Monument Valley, Four Corners: A desert scene worth capturing |

Monument Valley, Four Corners: A desert scene worth capturing

Paul Conrad photo

The desert. The light of the early morning sun peeks over the distant hills, silhouetting the jutting buttes of The Mittens against an ever brightening sky. As the sun slowly rises, it seeps from between the fingers of these ancient formations to warm our tent and shine its primordial rays over the valley.As we gather ourselves and brew some coffee, my girlfriend Susan and I wonder why we didn’t get up before sunrise to capture such a beautiful scene. Some beauty is left to be captured only by our memories, however. “A picture for the soul,” she often says. And I agree.The Four Corners area has always been a destination of mine. In particular, The Mittens of Monument Valley. Watching old westerns when I was a kid, I made a mental note to see those geologic formations so prominent in many of the movies. The Mittens stood out because of their uniqueness.

The evening before, we spent several hours up the road from our campsite photographing the landscape. Overlooking the prominent feature of the region, the buttes of the East and West Mittens, it became apparent the best way to photograph them is to bring out the stars. So we set up a tripod and shot star trails over the Mittens. Beautiful.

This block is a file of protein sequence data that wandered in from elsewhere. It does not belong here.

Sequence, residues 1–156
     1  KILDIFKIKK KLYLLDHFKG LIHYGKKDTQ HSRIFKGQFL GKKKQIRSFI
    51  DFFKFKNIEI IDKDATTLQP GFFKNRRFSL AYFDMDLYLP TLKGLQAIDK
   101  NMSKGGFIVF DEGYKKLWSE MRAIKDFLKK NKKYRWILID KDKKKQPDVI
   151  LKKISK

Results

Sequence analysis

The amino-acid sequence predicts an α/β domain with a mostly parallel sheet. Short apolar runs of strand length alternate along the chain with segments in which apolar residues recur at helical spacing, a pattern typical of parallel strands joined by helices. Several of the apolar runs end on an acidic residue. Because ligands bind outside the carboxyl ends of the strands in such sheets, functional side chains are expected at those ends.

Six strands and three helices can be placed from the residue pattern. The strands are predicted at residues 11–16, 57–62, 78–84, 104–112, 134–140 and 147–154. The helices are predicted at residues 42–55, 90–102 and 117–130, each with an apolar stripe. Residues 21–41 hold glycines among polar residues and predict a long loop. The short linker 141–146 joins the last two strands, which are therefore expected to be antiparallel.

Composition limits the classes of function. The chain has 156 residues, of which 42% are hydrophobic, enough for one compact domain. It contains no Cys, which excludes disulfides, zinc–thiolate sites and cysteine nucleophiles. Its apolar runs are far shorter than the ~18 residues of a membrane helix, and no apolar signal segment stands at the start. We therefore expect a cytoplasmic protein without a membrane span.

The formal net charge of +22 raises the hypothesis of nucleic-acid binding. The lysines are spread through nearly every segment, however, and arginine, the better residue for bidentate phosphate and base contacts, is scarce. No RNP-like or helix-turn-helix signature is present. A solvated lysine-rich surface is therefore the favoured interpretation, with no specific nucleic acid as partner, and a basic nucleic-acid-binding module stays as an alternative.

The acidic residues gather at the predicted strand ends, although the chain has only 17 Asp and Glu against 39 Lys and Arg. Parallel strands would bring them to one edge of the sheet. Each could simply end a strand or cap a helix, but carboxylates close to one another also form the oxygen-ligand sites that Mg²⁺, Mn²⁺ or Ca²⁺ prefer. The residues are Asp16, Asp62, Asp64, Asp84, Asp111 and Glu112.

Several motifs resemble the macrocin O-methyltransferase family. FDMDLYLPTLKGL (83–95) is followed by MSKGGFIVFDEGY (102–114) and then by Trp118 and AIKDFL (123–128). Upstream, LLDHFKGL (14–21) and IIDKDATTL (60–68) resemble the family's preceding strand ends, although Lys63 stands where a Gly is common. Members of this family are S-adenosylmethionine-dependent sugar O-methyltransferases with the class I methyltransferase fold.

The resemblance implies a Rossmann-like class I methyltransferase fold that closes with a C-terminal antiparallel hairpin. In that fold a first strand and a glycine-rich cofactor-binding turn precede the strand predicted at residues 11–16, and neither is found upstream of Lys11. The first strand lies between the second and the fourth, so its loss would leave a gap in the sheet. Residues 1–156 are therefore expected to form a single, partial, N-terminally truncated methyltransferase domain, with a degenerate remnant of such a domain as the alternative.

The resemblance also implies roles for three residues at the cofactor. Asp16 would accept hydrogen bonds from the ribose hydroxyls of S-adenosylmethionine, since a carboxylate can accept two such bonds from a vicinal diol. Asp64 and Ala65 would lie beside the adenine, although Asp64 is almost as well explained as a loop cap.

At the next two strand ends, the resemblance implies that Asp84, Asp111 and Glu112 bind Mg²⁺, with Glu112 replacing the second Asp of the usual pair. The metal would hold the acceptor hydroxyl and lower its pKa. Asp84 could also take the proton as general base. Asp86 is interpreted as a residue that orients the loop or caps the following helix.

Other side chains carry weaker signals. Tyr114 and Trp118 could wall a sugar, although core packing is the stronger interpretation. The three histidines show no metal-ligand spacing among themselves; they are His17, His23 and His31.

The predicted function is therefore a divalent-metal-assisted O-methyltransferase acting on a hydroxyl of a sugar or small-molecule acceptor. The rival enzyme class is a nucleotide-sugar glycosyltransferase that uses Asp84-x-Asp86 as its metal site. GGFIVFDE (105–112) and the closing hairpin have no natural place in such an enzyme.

Farther north, on an isolated stretch of U.S. 163 past Mexican Hat, is a turnoff with a simple sign for Valley of the Gods. On this remote 17-mile stretch of dirt road is a variety of land forms with names such as Lady in the Bathtub, Rudolph and Santa Claus, and Castle Butte. It’s a quiet area surrounded by pinnacles and buttes. A valley where one can find peace and tranquility, and plenty of camping. (Bring plenty of water and use “leave no trace” principles.)But dusty trails and vertical cliffs are not all the area has to offer. The visitors center at The Mittens also has a wonderful museum about a small, but not forgotten, Navajo legacy. The museum is dedicated to the Navajo veterans, particularly those from World War II called Code Talkers who used the unwritten language of their forefathers to advance Allied troops through the Pacific campaigns. Along the roads one may find a stand where Navajo sell their wares. Trinkets, blankets, rugs and sand paintings to bring home to remind you of your ventures.Camping is limited in the area, as many of the lands do belong to the Navajo. At the Mittens, there is a designated campground overlooking the whole of Monument Valley. Personal photography is allowed, but any photography for commercial purposes must go through the Navajo Film and Media Commission.It’s a land of beauty, adventure and mystery. Well worth the trip.

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